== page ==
As amazing as the prerelease hoopla over the third “Austin Powers” is the fact that the picture succeeds in living up to it. Not since the heyday of Fellini, I dare say, has there been such a merrygoround of a movie.
For the past two or three weeks everywhere one looked there was Mike Myers. Ted Turner’s networks played the first two films. And played them. Talk shows morning, noon and night interviewed the new movie’s cast and ran clips. Newspapers and magazines did “Goldmember” features. Bravo dragged out the installment of “Inside The Actor’s Studio” featuring His Grooviness. MTV and VH1 hosted him and ran AP-related music videos. Everyone in the media wanted a piece of the party.
Though party’s not quite the right word anymore. The release of a
new “Austin Powers” film has come to assume the significance of a national celebration, an occasion on a par with a major holiday- something unprecedented in movie history with the exception perhaps of the brouhaha preceding the two recent “Star Wars” prequels. Events which smacked far more of good marketing than good times.
More than anything, what the spontaneous coast-to-coast bursting into smile has brought to my mind are the early days of the British invasion and the way America embraced the Beatles. Historians, of course, are fond of explaining the phenomenon by pointing to the 1963 Kennedy assassination, the dark mood of the country in its wake and the fact that Americans were desperate for something to feel good about.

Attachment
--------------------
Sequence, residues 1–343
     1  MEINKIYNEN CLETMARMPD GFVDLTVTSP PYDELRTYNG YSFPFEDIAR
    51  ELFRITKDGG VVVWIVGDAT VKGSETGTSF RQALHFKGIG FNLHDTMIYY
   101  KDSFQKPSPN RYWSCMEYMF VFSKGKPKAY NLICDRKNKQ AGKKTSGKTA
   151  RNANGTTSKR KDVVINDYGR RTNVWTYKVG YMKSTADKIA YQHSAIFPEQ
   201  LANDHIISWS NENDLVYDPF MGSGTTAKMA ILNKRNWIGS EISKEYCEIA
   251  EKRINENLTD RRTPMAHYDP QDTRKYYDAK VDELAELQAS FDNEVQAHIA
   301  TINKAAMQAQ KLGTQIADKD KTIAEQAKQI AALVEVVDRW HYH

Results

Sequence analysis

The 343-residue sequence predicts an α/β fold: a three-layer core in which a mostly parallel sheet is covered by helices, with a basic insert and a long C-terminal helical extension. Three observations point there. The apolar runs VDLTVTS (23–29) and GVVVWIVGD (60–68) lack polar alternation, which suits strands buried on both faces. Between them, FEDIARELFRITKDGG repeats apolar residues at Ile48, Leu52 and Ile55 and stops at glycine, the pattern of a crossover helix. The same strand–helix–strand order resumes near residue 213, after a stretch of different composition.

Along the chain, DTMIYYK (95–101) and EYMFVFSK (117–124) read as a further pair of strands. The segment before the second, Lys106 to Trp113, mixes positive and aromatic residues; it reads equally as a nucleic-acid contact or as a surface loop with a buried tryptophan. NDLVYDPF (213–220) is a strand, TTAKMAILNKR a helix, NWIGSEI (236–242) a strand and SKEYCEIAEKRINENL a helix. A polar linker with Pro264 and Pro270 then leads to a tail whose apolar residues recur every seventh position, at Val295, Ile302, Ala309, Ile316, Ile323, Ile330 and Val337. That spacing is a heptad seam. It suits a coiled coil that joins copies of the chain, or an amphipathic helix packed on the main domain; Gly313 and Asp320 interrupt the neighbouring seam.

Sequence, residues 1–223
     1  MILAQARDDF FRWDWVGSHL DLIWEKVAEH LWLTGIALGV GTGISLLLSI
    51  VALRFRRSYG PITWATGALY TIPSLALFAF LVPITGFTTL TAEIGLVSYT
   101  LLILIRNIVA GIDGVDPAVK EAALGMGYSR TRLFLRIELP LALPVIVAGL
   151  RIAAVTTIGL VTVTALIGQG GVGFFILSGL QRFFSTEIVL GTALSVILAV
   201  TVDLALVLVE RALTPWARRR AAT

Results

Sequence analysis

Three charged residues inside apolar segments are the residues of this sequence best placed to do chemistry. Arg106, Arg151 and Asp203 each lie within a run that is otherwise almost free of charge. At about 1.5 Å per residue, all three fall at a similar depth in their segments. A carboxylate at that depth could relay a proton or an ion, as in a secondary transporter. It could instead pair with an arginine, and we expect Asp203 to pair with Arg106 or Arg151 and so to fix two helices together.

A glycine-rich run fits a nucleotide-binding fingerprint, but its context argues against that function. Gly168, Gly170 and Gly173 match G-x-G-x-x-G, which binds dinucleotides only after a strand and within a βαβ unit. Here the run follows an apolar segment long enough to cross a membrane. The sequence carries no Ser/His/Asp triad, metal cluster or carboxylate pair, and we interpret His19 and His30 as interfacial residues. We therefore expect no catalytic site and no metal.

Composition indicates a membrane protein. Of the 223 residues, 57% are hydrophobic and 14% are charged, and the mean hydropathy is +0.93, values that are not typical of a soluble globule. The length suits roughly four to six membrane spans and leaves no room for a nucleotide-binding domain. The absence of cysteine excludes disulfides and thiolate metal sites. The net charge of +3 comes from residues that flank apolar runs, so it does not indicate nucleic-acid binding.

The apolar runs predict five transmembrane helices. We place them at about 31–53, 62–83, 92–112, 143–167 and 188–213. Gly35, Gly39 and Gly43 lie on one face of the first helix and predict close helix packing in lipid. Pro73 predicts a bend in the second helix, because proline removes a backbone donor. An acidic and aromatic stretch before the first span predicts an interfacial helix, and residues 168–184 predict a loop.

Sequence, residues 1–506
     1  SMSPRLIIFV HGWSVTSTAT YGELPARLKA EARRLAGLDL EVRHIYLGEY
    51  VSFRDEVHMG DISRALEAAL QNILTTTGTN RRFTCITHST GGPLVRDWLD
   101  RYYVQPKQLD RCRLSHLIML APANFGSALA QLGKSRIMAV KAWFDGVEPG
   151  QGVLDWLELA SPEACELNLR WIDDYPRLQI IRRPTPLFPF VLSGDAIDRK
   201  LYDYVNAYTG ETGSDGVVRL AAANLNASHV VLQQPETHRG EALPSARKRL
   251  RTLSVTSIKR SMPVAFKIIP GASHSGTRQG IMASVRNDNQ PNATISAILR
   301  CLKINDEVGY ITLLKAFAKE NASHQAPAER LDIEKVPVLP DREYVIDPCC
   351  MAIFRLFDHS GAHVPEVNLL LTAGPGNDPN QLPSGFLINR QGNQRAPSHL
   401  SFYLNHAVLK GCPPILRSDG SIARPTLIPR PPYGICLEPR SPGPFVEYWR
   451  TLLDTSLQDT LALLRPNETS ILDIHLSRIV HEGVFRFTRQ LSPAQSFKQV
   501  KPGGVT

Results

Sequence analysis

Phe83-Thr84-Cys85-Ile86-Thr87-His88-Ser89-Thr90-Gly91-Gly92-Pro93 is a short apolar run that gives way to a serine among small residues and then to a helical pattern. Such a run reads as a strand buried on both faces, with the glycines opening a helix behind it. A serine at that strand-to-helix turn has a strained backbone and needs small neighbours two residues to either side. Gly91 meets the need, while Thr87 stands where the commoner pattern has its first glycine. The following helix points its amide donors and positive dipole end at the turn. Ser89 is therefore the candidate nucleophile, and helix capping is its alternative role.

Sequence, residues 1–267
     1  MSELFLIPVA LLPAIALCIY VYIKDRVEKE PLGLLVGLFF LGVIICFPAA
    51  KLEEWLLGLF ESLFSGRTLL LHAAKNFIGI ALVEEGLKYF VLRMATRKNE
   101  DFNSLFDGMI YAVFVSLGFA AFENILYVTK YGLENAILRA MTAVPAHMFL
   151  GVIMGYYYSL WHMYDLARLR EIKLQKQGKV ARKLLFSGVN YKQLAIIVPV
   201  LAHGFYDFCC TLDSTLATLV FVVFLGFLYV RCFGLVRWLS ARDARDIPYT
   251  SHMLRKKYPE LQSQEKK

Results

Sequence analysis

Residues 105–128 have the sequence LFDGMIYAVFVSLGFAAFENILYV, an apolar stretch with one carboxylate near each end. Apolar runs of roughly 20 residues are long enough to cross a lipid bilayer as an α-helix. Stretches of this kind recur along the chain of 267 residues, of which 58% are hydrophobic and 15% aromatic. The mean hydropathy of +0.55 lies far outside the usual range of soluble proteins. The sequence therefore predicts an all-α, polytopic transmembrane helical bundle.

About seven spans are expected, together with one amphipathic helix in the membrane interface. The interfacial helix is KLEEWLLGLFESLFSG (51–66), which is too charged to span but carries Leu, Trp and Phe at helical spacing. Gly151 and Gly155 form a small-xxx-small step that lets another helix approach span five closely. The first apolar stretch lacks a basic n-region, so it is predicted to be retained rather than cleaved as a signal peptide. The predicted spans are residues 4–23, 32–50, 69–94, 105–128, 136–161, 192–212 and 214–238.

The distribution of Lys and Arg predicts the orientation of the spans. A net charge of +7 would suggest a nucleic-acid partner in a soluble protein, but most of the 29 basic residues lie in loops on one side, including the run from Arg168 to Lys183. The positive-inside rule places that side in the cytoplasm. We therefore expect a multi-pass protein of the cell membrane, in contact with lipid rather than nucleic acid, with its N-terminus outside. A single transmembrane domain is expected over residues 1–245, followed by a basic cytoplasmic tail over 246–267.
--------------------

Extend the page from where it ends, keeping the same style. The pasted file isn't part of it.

Certainly there are parallels here. In the aftermath of September 11 and the nosedive the nation’s economy has taken, Americans are once again desperate for something to lift their spirits and, once again, the answer has arrived by way of Liverpool (ancestral home of the Myers clan) moptopped and in Cuban-heeled boots. Ironically, the comedian’s tongue in cheek homage to the swinging 60s has turned out to be the fabbest addition to pop culture since the original four.
Myers and director Jay Roach pull out all the stops in “Goldmember” essentially dispensing with plot and allowing the picture to unspool as a freewheeling series of inspired skits and sight gags. Destiny’s Child’s Beyonce Knowles is along for the ride in the role of an old flame Powers plucks out of the disco era and brings back to the present day. Michael Caine, who played his share of swinging spies in the 60s, is the perfect choice to play the international man of mystery’s old man. And to the list of characters brought to latex-assisted life by Myers himself (Powers, Dr. Evil, Fat Bastard), is added the title character, a Dutch meteorological hedonist who has dreams of world conquest, a problem with flaking skin and one extremely valuable private part.
Sort of a supersized “Laugh In” with the flavor of a madhouse free for all, the movie is not without lulls but, over all, generates more comic energy per screen minute than the rest of the summer’s laughathons combined. And may very well make more money than all of them too. The film’s opening weekend was the largest in history for a comedy.
What can I say? If you thought the first and second in the series were groovy, you’re going to love the third. Here’s hoping Powers, Mini Me and #2 all decide there’s going to be a #4.